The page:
“Look at the reality and how we've been oppressed. It seems that the fish cops are going to oppress us more with their authority. Not only that, they'll be able to go onto the reserve, go and arrest somebody if they want. If you look suspicious, they can do whatever they want to do with you. We all know that when First Nations are being looked upon, we are … at the bottom of the food chain. When it comes to humanity, all humanity stands above the First Nations people,” he said.

“The people who stand charged in front of the courts for fishing or hunting out of season, the First Nations peoples … (who) hunt on private lands, charges should all be dropped. Any criminal convictions prior to that should all be wiped clean. They should be pardoned,” he said.

Madu said he didn't want to lay charges for license infractions, but didn't say how he would be addressing Treaty 8's concerns, said Adam.

However, in an email response to, Ina Lucila, spokesperson with Alberta Justice and Solicitor General, announced that the government will be establishing an Indigenous Law Enforcement Advisory Committee to liaise with Indigenous groups and law enforcement agencies.

“The conversations officers and the committee will have with Indigenous communities will inform what else we can do to improve relationships moving forward,” wrote Lucila.

She also held that Fish and Wildlife officers receive significant training throughout their career designed to enable them to understand and appreciate existing harvesting rights and Indigenous history and culture.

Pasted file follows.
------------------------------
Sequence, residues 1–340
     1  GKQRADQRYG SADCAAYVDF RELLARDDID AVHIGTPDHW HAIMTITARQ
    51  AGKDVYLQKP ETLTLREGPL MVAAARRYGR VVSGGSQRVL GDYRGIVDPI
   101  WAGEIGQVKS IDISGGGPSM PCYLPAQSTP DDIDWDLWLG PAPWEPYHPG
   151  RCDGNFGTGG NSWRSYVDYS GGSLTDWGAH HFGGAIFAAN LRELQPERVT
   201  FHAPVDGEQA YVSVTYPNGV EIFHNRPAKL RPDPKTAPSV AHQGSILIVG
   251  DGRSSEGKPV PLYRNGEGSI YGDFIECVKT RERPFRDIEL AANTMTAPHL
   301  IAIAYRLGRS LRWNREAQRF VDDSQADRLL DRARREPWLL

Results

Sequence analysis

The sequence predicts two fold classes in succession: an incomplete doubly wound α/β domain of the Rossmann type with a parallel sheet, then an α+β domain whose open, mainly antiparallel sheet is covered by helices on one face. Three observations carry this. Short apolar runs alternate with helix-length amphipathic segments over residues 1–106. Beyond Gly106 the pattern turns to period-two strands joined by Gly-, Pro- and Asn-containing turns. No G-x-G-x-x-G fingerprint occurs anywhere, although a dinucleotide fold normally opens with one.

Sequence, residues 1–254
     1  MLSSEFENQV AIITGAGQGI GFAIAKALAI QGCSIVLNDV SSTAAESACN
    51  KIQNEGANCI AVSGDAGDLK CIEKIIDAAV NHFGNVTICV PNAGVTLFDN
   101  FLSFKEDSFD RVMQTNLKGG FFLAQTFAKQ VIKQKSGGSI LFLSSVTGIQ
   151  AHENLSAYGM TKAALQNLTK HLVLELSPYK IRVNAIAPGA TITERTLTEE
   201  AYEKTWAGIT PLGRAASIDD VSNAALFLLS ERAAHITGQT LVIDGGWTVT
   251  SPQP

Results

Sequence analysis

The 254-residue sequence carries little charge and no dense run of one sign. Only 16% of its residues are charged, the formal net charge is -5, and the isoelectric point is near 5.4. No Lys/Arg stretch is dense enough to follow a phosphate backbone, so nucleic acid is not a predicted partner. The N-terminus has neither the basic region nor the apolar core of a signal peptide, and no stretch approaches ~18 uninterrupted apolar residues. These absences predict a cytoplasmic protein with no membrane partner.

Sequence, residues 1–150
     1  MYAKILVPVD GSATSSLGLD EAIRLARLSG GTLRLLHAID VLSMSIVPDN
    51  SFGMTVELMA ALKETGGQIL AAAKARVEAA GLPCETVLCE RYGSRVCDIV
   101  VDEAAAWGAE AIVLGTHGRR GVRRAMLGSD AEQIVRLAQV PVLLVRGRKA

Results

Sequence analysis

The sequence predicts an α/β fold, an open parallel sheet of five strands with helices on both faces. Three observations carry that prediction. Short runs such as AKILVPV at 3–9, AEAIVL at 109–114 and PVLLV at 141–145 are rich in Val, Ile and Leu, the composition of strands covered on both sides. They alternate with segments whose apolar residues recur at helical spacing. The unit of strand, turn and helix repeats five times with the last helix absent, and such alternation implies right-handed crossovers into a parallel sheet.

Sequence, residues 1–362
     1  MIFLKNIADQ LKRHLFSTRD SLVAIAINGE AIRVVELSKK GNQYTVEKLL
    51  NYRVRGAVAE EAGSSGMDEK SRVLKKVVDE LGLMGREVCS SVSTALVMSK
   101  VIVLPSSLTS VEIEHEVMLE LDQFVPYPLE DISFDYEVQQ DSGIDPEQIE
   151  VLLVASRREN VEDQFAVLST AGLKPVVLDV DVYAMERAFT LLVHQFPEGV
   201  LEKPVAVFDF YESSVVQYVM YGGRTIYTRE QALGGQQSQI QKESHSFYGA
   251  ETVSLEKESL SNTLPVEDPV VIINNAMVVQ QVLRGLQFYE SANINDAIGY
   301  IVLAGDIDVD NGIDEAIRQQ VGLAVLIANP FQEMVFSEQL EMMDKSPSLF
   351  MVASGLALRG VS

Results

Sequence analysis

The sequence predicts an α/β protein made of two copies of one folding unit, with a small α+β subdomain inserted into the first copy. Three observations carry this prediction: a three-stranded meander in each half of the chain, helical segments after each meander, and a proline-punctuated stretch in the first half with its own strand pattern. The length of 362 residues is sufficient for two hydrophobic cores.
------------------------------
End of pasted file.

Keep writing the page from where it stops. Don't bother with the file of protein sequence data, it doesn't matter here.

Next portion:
She pointed out that it is the federal government that determines who has constitutionally protected rights for hunting, fishing and trapping for subsistence, and Fish and Wildlife officers apply the laws within the legislation, Supreme Court rulings and Alberta government policies.

“There are some limitations defined by case law and the Natural Resources Transfer Agreement, which include access to certain lands, conservation and safety-based laws,” wrote Lucila.

According to the Treaty 8 statement, “Although standing up for our rights, through court cases against the Crown, can be a long and expensive process, we, the Sovereign Chiefs of Treaty 8 First Nations of Alberta, are here to support and assist our people.”

The information gathered through the incident report forms will be compiled and used to raise awareness “about the violations of our constitutionally protected and inherent rights, and the subsequent harassment, racism, and criminal charges our people face as a result,” the statement concludes.

The incident report form is available at: